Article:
A caption in the April 9 Arts section incorrectly said a chrome cantilever chair was designed by Alvar Aalto. It was designed in 1929-30 by Hans Luckhardt.
Sunday, April 9, 2006
LONDON -- The iPod is the latest symbol of everything that's up to date. But its best-selling, sleek design is built around ideas that have been with us for decades and decades.
A bakelite radio from the 1930s could exploit the same principles of crisp forms, smooth surfaces and clean concentric circles as Apple's music player.
Same goes for all the chrome-and-leather furniture and cubic shelving that sells to our most fashion-forward loft dwellers: It was all first dreamed up in the 1920s or before.
Almost every recent building that gets any kind of praise -- from Frank Gehry's famous Guggenheim Museum in Bilbao to the shiny new Katzen Arts Center in Washington -- is also deeply retrospective. The same is true for much of the current art they house.
You see that we haven't come very far as soon as you get a good look back at where we've come from -- such as the view provided by "Modernism: Designing a New World, 1914-1939," a massive survey exhibition that opened here Thursday at the Victoria and Albert Museum. It claims to be the first show to explore the modern movement in all its forms -- from radio design to innovative furniture and clothes to architecture and fine art.
People are always talking about today's surge in design: They cite the way Gehry's splashy building turned a Spanish backwater into a profitable tourist destination, and how Apple's success depends on its investment in the innovative look and feel of its products. This design "boom," and the way it's changing homes and offices, has even made it to the cover of Time magazine. But what they're really talking about -- what's really being brought within our reach when a successful furniture chain dubs itself Design Within Reach -- isn't design in general. It is specifically modern styling. What's being hailed is the final victory of modernism as the model for the way good objects should be made.
That must be why the V&A show seems so absolutely timely, and winning.
It displays the long-ago birth and halting development of the bent-chrome cantilever chair, now so popular that it gets knocked off on the Web for a few dozen bucks. Or how about the first glass-walled, knife-edged skyscrapers? Incredibly, the original concept for the form was explored in a huge drawing that Mies van der Rohe made in 1921 -- and that could absolutely pass as the latest flashy K Street office-block proposal. Almost every fresh idea from the early days of modernism still has the power to impress.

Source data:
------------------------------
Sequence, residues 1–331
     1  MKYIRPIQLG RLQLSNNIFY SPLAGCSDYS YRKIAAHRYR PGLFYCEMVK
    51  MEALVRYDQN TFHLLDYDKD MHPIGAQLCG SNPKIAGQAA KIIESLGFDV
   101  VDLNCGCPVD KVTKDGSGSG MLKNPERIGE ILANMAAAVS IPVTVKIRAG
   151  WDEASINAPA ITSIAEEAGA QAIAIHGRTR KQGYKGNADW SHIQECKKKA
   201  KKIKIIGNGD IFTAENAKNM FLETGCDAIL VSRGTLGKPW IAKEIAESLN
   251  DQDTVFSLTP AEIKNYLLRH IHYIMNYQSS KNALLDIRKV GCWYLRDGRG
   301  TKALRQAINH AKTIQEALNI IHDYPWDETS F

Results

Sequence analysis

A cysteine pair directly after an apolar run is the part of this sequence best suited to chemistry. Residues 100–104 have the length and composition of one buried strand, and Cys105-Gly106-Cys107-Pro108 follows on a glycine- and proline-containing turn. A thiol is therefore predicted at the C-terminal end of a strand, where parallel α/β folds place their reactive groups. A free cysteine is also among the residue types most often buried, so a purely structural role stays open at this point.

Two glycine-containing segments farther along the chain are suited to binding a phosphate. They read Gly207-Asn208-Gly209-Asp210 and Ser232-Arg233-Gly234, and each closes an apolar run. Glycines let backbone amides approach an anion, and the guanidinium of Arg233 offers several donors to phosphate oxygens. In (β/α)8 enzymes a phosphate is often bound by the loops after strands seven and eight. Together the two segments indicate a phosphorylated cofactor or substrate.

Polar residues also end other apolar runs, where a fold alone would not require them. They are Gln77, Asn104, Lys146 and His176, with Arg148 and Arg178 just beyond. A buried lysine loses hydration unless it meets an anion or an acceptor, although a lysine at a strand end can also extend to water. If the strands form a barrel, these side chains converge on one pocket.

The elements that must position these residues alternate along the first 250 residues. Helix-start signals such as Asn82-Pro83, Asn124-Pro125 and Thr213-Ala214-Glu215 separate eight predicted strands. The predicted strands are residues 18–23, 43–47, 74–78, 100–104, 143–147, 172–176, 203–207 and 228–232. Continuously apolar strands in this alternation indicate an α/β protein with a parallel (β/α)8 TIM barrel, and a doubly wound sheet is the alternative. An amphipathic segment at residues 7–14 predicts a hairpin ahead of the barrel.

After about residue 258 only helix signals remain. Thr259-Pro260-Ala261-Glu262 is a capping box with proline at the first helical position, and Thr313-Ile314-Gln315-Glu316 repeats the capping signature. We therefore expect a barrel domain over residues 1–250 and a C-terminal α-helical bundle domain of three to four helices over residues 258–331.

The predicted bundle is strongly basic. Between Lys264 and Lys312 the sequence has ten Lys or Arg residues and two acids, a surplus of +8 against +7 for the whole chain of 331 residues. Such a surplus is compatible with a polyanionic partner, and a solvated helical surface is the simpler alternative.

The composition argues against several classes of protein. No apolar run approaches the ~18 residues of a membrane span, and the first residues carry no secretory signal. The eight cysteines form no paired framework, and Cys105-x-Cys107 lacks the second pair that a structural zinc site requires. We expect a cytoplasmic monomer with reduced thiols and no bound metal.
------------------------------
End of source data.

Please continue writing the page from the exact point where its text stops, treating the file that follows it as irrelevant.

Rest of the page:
(Modernism expert Paul Greenhalgh, a former staffer at the V&A and new director of the Corcoran Gallery of Art, hopes to take advantage of that fact. He says he's in the last stages of negotiations to bring the London exhibition to the Corcoran sometime next year. The show is a sequel, of sorts, to the major art nouveau show that Greenhalgh curated for the V&A, and which toured to the National Gallery of Art in 2000. Living up to that lavish National Gallery example will be a major challenge for Greenhalgh's new, much smaller museum -- but he says it's a challenge that he welcomes, and that will do the long-troubled institution good.)
The greatness of modernism was once up in the air. It faced some temporary opposition in the postmodern '70s and '80s, when it was the domineering father-figure that needed a good slaying. But after a full century, modern design and art now look set to have the kind of ongoing, long-term influence that only a very few other artistic movements have ever had. Modernism stands almost alone alongside Greek and Roman sculpture and architecture, and Renaissance painting, as the kind of force that compels every later artist to come to grips with it. Our own tussle with modernism feels as though it's barely begun, even though it has obsessed many of our leading culturati for decades already.
Like many of the greatest movements and figures in art, what may be most impressive about modernism is how fertile and wide-ranging it turns out to be. Like the buildings of ancient Greece and Rome, or the pictures of Michelangelo and Titian, modernism doesn't so much provide powerfully final answers and definitive take-home messages as offer an almost unending set of novel questions and probing propositions. The London exhibition doesn't just confirm how glorious good modern objects look ; it shows us that their slick, attractive surfaces have always triggered original and even subversive ideas.
Over the years, the forms and principles of modernism have stayed surprisingly the same. Modernism tends toward sleek shapes, avoids decoration and explores industrial materials and techniques, all of which gives it the kind of coherent syntax and vocabulary that columns and capitals and arches give to classical buildings. But, like classicism, modernism's few, potent visual ideas could always be read and used in wildly different ways, by vastly different kinds of people.